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Product Review
 

Creek CD50 mkII CD Player

September, 2004

Arvind Kohli

 

Click on Photo Above to See a Larger Version

Specifications:

● Frequency response: 1 Hz – 20 kHz
   
± 0.25 dB
Output impedance: 50 Ohms
● Output level: 2v at 1 kHz, 0 dB
● S/N: >96 dB
● THD: > -97 dB
● Dynamic range: >117 dB
● Remote: Included
● Dimensions: 2.4" H x 17.2" W x 9.2"
    D
● Weight: 11 pounds
● Finish: Brushed Aluminum
● MSRP $1,500 USA

 

Creek Audio

www.creekaudio.com

 

USA Distributor

www.musichallaudio.com

Introduction

This review is the first in my series on disc players, with a focus on two-channel playback of the CD format. The primary objective of the series is to compare the Redbook performance of several multi-format and CD-only units. The basic impetus is to establish a landscape of levels of performance among players of various prices and format capabilities.

The Design

Details on the manufacturer (Creek), founder, and designer can be seen in my review of the Creek 5350SE Integrated Amplifier. The CD50 mkII CD Player is currently the only disc player in the Creek product lineup, soon to be joined by a higher end model. The CD50 mkII replaced the CD50, with a number of changes, making the new model inherently different from its predecessor. Unfortunately for owners of the CD50, they cannot have that unit upgraded to the mkII.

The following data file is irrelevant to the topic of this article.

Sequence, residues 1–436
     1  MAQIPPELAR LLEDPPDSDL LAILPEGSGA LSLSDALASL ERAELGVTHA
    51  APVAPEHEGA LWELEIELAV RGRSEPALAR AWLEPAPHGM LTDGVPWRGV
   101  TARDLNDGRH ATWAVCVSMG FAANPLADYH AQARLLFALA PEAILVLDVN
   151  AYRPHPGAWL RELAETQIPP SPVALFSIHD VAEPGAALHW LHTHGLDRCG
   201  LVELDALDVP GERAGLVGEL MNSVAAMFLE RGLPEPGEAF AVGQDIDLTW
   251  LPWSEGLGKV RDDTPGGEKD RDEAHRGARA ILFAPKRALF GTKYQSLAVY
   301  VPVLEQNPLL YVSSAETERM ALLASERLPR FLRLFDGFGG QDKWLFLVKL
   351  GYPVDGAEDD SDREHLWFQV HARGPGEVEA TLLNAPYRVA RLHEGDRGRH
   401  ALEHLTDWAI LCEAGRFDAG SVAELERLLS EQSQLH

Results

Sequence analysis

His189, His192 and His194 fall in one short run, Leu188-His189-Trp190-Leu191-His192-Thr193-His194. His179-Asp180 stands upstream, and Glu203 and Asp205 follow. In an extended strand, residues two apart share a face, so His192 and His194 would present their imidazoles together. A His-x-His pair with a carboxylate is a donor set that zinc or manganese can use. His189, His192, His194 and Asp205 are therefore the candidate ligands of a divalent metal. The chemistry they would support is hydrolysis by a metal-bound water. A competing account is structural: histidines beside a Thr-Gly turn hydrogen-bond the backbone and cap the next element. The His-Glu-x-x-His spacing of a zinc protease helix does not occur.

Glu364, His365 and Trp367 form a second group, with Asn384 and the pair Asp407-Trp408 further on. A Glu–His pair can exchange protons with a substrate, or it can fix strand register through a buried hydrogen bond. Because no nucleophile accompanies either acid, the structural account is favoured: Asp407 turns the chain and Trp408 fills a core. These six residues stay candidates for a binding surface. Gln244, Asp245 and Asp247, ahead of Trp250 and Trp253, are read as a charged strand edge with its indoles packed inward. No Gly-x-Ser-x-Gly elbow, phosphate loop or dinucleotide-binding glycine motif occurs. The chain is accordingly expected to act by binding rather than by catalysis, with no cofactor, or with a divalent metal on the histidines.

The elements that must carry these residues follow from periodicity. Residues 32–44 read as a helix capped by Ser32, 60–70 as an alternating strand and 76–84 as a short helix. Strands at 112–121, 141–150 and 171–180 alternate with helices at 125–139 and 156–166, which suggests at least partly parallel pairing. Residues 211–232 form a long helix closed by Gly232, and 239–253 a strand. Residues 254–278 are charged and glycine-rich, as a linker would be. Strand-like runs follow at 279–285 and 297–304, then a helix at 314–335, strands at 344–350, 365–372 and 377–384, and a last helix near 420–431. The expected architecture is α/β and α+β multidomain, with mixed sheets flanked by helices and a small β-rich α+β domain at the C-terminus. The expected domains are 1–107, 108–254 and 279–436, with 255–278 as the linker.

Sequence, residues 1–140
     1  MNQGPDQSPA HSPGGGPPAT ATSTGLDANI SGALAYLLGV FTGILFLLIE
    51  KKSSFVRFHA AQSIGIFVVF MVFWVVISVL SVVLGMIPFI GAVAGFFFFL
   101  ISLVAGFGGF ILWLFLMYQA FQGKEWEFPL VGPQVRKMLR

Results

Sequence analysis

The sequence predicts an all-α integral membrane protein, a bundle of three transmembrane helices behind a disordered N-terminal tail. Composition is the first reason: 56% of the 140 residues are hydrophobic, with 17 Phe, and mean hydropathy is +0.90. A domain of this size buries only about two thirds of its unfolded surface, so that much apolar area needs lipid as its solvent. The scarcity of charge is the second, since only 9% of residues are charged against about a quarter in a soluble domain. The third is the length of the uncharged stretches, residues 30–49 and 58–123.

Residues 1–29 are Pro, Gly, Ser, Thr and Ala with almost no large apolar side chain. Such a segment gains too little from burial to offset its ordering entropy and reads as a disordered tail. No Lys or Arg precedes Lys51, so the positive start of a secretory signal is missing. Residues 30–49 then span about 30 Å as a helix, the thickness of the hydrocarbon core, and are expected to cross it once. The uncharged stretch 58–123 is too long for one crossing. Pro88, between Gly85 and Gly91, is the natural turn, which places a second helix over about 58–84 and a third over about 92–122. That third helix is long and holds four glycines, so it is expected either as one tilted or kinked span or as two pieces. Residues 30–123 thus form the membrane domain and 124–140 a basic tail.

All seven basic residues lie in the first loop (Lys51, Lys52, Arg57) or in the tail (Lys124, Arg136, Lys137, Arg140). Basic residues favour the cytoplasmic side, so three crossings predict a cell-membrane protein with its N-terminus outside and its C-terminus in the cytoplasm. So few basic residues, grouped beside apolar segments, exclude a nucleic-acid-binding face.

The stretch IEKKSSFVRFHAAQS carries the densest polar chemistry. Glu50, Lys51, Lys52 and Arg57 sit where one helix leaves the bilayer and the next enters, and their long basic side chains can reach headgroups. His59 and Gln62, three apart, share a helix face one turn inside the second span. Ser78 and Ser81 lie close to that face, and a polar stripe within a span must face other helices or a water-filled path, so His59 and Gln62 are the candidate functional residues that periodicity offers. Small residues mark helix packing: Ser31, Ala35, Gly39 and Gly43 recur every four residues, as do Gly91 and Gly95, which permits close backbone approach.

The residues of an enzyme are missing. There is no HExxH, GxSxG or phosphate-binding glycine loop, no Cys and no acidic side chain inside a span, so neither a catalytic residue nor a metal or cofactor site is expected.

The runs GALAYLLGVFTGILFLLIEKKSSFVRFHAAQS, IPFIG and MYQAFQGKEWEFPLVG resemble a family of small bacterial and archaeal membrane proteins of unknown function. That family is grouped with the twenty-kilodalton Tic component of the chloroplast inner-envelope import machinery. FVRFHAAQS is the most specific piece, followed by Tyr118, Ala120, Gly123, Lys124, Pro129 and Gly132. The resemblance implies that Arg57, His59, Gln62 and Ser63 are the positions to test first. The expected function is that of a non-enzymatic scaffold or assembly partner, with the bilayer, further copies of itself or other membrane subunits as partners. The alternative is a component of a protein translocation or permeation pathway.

The changes include a ROM drive, replacing the Philips CDM12 transport. The data are fed into an ATAPI bus; this is said to provide a virtually jitter free signal. Also, a 50ms digital buffer (FPGA) stores, converts, and feeds the data to the digital outputs and a Crystal CS4396 Delta Sigma 24 bit / 192 kHz DAC. The CD50 mkII does not feature upsampling, but the upcoming higher end model will. Per Mike Creek, “The buffer is not intended to be a shock prevention device, but can help to eliminate the effects of microphony and damaged discs”.